Friday, October 24, 2014

The Decline of the Silverswords

Haleakala National Park

"Where are all the silverswords?"  I wondered out loud as we neared the summit of Mt. Haleakala in Maui.  Thirty-five years ago the slopes were covered with these silver spiked plants.  I remember being so mesmerized by what looked like ice on red sand.   I couldn't wait to see it again.

But where were they?

And then at the Visitor's Center we saw one lonely specimen and then the poster.  Oh no.  We read further. These beautiful plants, found only on the slopes of Haleakala, are now endangered.  Climate change is the culprit.

Over the past 20 years, rainfall on this mountain has decreased and air temperatures have risen.  Immature plants are dying so seedlings are becoming rarer and rarer.  Once upon a time, thousands upon thousands of seeds would be dispersed by the wind from one single flower stalk.  These plants could live up to 50 years.  They flowered only once before dying, but spawned a whole new generation in the process.

No more.

At the summit, a sorry-looking garden nearly broke my heart.  Planted on an island surrounded by a concrete parking lot, these exotic plants can still be seen but not how Mother Earth intended.  I tried my best to pretend they were once again wild and free.  I took close-up photographs with no cars in the background.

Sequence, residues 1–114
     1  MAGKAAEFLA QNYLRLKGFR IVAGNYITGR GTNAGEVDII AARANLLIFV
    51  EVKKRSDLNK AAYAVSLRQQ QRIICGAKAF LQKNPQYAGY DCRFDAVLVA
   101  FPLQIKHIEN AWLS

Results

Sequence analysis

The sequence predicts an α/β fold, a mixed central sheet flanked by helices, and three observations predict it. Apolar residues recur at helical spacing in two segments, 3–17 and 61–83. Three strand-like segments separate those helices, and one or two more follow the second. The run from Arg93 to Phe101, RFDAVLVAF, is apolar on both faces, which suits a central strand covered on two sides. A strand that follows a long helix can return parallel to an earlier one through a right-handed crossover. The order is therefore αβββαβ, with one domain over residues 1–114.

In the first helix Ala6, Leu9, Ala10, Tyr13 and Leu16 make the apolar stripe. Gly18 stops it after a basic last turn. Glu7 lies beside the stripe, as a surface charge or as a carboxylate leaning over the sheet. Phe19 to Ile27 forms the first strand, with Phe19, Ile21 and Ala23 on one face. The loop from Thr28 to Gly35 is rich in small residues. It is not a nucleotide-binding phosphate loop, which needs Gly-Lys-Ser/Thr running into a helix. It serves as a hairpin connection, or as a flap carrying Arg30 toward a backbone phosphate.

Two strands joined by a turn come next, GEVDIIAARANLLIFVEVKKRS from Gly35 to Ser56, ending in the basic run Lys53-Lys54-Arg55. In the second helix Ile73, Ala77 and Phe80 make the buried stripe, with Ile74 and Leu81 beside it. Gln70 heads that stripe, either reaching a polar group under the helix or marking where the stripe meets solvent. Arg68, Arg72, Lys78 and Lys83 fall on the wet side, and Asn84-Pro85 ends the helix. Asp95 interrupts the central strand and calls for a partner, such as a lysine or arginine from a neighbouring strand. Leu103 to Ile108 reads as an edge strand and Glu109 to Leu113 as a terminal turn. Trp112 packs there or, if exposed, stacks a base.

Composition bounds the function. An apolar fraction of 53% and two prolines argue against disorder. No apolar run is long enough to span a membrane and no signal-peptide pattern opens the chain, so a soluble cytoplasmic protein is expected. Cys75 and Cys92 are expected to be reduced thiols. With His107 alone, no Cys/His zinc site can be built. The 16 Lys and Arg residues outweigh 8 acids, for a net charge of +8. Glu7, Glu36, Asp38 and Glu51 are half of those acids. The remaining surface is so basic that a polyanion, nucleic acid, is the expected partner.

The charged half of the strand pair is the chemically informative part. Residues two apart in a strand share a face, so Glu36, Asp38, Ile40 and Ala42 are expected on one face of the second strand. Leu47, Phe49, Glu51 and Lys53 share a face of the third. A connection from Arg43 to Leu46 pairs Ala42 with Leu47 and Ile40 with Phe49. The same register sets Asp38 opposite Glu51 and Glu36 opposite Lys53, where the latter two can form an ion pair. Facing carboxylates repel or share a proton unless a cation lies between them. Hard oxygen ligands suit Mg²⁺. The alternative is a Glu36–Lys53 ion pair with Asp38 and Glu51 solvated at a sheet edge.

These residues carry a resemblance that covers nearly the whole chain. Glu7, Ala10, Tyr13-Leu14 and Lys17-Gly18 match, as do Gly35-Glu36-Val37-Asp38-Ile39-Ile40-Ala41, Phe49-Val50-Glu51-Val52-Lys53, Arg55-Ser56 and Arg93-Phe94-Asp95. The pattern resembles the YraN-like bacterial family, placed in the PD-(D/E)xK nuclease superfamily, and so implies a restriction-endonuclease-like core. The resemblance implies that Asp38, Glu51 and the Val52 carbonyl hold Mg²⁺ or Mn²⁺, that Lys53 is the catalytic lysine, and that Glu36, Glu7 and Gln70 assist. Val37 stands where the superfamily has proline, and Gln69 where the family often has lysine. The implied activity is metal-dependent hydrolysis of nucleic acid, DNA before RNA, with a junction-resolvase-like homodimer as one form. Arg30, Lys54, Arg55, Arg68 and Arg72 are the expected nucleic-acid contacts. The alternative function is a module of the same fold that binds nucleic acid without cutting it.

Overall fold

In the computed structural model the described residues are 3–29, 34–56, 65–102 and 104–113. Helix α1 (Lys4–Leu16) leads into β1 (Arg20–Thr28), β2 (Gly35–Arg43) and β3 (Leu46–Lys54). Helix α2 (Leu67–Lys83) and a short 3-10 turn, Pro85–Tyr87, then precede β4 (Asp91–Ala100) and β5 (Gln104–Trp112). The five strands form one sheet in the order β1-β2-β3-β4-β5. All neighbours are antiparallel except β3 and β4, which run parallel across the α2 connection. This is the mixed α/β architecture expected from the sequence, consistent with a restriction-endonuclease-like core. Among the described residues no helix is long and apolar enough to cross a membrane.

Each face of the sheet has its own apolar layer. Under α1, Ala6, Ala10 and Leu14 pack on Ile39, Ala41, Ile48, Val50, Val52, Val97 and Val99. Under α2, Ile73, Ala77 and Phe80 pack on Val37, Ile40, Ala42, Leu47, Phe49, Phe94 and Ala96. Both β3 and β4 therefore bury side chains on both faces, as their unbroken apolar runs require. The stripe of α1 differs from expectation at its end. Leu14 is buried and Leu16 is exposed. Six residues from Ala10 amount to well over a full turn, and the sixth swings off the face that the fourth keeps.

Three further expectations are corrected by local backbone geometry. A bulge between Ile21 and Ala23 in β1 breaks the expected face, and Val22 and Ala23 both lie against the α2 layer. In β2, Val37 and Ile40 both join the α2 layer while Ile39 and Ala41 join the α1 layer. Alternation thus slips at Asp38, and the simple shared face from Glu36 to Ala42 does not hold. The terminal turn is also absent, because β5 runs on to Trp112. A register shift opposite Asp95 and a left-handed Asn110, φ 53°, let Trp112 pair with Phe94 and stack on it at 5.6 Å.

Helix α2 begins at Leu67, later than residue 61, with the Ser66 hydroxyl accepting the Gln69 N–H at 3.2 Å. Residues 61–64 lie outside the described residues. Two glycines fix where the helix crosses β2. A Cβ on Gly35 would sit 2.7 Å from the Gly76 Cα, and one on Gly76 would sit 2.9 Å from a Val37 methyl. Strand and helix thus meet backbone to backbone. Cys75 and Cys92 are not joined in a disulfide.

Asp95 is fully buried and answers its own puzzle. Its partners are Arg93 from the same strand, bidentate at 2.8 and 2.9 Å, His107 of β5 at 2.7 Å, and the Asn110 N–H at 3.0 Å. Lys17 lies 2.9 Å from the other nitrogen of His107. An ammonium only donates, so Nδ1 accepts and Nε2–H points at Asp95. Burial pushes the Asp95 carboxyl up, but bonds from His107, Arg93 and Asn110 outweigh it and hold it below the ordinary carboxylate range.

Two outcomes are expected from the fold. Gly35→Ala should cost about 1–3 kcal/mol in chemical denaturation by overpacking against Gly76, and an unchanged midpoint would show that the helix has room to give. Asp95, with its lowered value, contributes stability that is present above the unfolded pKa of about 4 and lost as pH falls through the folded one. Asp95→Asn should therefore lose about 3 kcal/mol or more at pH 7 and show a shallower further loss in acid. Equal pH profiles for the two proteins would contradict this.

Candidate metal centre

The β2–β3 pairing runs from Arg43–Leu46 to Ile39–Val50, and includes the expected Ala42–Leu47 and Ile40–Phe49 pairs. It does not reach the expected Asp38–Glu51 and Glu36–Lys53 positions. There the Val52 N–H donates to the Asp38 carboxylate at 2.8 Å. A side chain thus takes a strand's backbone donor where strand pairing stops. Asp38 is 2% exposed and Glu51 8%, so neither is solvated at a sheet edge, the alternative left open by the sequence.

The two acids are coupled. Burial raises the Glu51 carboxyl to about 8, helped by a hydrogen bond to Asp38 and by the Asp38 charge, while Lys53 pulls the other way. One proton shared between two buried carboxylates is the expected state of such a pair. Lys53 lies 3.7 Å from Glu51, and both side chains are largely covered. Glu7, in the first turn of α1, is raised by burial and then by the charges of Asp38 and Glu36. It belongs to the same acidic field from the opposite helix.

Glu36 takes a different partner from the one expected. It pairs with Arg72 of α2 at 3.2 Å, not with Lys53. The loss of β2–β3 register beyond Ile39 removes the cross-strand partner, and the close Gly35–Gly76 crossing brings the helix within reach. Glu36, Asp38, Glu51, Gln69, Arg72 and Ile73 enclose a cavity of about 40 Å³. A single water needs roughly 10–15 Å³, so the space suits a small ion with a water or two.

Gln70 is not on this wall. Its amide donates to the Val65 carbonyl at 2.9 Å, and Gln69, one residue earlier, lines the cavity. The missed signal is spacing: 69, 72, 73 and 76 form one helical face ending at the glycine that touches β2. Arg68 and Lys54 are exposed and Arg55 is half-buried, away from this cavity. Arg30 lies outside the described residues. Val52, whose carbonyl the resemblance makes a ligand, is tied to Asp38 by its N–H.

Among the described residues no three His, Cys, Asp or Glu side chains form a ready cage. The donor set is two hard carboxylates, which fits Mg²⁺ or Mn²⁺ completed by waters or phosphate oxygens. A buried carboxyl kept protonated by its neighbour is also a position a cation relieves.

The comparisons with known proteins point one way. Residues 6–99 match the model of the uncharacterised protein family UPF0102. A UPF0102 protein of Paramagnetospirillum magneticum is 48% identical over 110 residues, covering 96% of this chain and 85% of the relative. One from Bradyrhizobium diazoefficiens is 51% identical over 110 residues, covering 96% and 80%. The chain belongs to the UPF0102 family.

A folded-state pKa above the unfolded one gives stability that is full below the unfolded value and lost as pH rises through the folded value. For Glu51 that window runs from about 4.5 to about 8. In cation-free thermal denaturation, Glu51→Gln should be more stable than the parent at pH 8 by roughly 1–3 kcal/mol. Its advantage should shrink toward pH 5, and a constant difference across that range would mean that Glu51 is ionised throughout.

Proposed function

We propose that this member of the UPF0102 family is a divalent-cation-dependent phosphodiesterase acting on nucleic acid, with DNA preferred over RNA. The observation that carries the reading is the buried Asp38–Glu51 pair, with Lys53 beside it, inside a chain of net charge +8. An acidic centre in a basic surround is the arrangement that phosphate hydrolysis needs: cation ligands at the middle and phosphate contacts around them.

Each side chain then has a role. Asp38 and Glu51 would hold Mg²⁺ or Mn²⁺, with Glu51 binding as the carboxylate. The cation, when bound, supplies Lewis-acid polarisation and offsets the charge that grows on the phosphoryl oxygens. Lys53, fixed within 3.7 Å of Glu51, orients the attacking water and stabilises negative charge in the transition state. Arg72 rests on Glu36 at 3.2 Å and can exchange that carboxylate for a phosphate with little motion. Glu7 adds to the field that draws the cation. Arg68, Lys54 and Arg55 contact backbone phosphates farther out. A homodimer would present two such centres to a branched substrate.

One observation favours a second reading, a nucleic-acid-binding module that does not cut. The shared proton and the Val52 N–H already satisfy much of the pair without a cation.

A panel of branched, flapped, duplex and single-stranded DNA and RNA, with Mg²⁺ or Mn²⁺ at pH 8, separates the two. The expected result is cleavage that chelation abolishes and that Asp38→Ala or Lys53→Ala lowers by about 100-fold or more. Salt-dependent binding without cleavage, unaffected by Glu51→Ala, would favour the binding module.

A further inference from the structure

When I returned from Hawaii I was browsing in my favorite bookstore (in the travel section, of course) and found an interesting book to add to my growing collection of travel guides:  500 Places to See Before They Disappear, and sure enough, on Page 219 was "The Slopes of Mount Haleakala."  There are more threatened species here than at any other U.S. National Park.  Evidently, the Silversword is just one of many.

Park rangers are trying hard to save the remaining plants and stabilize the population.  A restoration project is in full swing.  

It's easy to get depressed, but I'm trying hard not to.  Climate change is a fact.  Our world is changing right before our eyes.  Heat from burning fossil fuels is being trapped in the atmosphere.  Glaciers are melting.  South Pacific atolls are disappearing under a rising sea.  Many plant and animal species are struggling to live like Maui's Silversword.

It makes travel even that much more important.  We are witnesses to a world in transition.  I have no doubt we will adapt and meet the challenges ahead.  We are heading into exciting times.  Get your cameras out, people!  The world is changing.

No comments:

Post a Comment